How do you know when your storage array is really full?

Check out our new video featuring a conversation between Reliant Technology’s CEO, Reid, and one of our storage engineers, Michael with tips and tricks about how to tell when your storage array is really full, or whether you can make a few simple changes to increase your capacity.

At Reliant, we’re here to help you figure out ways to make the best decisions for your organization around your data storage technology. 

Feel free to reach out to us with any questions you may have!

And for more videos such as this, check out our YouTube channel.


Video Transcript:

Reid: I have a tray of drives on my lap. This weighs about forty pounds, something like that. If you guys know about storage, you’ve seen these trays before. This is a small form factor tray for an EMC VNX, I believe.

Michael: Correct. Yeah.

Reid: Let’s just pretend for a second, Michael, you’re the IT director.

Michael: I see you in the break room with this tray in your lap.

Reid: Michael, we ran out of storage! Our storage array is full. Let’s just pretend you’ve been managing storage for a long time. You’ve been recently promoted to the storage array, and I’m a neophyte. I’ve come to you. What would you want to clarify? I hear a lot of customers say sometimes, “My storage array is full.” With a few more questions, we find out it’s not full at all. What would you want to clarify? I have a few things in my mind. This thing is heavy.

Michael: I think we want to understand the architecture of the system itself. When we say ‘full’, what’s full? Is there unused space that’s unallocated, and everything you have provisioned is full? A little more detail. Do we have the opportunity to add more of these?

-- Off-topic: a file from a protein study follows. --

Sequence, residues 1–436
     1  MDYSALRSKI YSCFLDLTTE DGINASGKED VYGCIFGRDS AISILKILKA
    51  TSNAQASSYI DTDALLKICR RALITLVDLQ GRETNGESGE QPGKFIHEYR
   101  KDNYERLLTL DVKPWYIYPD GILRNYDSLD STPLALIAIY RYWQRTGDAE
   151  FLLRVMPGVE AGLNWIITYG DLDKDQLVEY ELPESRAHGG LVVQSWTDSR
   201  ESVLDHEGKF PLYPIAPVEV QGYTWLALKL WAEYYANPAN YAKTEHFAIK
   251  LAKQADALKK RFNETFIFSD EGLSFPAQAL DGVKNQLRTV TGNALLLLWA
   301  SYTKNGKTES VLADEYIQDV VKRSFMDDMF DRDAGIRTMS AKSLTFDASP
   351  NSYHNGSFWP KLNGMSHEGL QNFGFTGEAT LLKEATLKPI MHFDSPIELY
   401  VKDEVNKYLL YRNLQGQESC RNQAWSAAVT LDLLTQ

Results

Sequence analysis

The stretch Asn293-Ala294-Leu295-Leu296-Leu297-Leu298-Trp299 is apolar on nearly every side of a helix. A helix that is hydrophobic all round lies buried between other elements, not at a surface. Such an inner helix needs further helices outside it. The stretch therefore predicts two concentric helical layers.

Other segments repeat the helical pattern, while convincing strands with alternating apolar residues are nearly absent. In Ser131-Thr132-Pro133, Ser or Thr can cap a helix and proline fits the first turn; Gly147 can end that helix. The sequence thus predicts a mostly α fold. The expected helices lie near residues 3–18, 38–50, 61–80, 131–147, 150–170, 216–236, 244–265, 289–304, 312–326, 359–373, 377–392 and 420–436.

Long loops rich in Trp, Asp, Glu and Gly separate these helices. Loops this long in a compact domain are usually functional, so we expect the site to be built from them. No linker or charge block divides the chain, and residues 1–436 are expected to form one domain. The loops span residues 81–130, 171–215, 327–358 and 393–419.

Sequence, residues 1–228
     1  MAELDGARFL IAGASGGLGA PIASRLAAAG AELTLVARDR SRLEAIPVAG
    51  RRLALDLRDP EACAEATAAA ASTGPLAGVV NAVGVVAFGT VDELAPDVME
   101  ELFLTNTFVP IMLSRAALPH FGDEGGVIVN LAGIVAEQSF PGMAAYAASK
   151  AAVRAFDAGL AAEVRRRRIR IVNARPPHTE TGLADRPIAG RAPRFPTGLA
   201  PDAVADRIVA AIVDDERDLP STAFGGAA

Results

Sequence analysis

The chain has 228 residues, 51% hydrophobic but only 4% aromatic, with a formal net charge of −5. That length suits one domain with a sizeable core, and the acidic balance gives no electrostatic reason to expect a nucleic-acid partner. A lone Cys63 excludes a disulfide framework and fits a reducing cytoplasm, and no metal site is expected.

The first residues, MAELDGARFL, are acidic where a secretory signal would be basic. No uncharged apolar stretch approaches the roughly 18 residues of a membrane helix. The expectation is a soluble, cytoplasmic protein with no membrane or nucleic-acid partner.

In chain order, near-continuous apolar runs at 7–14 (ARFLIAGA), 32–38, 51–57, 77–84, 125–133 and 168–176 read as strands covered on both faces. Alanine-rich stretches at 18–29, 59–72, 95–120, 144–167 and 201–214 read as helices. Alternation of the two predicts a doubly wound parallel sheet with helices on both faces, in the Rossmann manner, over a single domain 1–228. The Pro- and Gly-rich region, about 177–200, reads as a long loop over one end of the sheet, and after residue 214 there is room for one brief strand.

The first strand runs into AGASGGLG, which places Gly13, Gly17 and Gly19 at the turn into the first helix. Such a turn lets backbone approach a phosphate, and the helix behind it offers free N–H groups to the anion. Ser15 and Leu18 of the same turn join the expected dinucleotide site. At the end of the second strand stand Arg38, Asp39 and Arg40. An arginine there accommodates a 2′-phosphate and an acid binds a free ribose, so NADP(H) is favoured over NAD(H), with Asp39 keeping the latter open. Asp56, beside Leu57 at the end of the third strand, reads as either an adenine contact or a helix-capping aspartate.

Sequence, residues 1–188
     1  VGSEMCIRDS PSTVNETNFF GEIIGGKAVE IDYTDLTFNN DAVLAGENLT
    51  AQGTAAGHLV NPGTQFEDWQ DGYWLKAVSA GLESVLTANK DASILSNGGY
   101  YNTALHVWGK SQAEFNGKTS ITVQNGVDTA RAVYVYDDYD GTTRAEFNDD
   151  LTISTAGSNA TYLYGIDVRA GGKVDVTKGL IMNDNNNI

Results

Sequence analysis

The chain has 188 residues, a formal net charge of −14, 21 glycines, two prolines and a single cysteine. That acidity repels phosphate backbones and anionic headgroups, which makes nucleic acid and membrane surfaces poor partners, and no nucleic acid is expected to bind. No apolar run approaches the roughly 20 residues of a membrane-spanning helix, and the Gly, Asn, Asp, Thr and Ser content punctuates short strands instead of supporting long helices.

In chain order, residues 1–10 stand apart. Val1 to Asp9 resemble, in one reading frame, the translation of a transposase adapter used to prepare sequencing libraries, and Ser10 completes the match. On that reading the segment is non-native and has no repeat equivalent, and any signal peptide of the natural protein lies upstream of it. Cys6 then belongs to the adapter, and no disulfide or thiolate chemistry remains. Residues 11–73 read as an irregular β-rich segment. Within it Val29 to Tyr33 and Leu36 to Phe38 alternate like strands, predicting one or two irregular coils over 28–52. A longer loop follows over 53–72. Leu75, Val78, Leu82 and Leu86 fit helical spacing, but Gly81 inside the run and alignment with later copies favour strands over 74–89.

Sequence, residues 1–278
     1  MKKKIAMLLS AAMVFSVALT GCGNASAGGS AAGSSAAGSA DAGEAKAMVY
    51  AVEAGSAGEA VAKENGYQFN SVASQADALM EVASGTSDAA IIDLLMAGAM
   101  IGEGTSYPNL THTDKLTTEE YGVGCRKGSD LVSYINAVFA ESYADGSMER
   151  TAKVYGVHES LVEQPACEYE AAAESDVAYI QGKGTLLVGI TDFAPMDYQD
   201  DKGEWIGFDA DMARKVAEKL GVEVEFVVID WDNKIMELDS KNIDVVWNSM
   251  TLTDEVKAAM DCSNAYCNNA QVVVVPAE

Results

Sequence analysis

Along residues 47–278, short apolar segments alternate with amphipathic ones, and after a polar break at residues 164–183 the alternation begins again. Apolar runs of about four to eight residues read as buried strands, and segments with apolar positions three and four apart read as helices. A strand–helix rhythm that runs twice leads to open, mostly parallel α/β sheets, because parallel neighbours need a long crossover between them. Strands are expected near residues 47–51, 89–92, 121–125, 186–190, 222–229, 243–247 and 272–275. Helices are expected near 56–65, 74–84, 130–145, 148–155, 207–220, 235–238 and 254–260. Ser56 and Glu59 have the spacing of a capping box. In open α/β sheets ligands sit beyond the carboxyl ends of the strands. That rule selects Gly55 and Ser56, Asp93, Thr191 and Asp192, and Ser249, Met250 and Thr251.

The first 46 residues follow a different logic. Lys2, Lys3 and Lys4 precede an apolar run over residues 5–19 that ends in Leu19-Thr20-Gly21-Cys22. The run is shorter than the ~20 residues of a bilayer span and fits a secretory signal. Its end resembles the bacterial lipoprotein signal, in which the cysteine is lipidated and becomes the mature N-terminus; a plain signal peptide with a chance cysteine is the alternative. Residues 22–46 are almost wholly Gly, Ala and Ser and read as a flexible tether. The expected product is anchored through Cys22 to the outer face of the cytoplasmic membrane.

Reid: That’s a great point. This is a tray. I’ve run into a few times. This is an EMC VNX tray. I know that, I don’t know the number of trays a VNX5300 can hold. Do you know off the top of your head? It’s probably 15 or something like that, I would guess. I don’t know. Don’t quote me on that.

Michael: Which model?

Reid: A VNX5300.

Michael: VNX5300? I think we can hold an additional seven.

Reid: Seven trays?

Michael: Yeah.

Reid: Let’s just say it’s seven trays. If we’re wrong, please correct us. That would be great.

Michael: Again, it’s going to depend. You have a finite number of drives that it will recognize. For instance, we have the traditional 15 drives. Then we go to the higher-density 25-drive trays. There’s your differential.

Reid: That’s a good point. You have different types of trays now. They have a full form factor. Some are small form factor. You might say, I can only accept seven of these trays, or I can accept nine or ten of these other trays.

Michael: Right. The number’s a little off, but the concept’s exactly right. Maybe within my cabinet, I can’t put 3U. I can’t go another 3U. There’s my opportunity for a small form factor unit.

Reid: Let’s talk about it a second. “I’m full.” That can mean, I’ve got a cabinet, but I don’t have any more space to add more trays in the physical rack.

Michael: Possible. That’s correct.

Reid: Another one could be, “I’m full”, which means I’ve added two trays to this controller, and I have no more space. That is true, but you can add more of these, called trays, depending on the system.

Michael: Exactly.

Reid: “I’m full.” That can mean I’ve allocated all the storage, and there’s no more storage to allocate. Can you find yourself in a situation sometimes where you’ve allocated it, but it’s not being used, and you’re full?

Michael: Oh, certainly.

Reid: Walk me through a scenario like that.

Michael: Actually, some people do that. They’ll actually provision ahead of time to try to build up a buffer within the system that they can pull from when they’re really full.

Reid: That’s a little trick.

Michael: Yeah, that’s a little trick.

Reid: Okay. Just know the next time someone comes to you and they say their storage array is full, you might want to talk to an expert and figure out if it’s really full, because there might be some options you can do. One little trick you can do, which you probably know about, is called a disk swap. If you’ve got a storage array and you’ve got smaller drives in it and it is maxed out, let’s say it does have these seven trays attached to it.

Michael: Sure, 300s to 600s.

Reid: You could swap out the 300GB drives, and put in 600GB drives. We’ve got all the migration techniques to make that as non-disruptive as possible.

Michael: Exactly.

Reid: There’s a lot of different ways to fill up a storage array and add more capacity. Hopefully, this will help save a little money next time you’re trying to figure out what to do.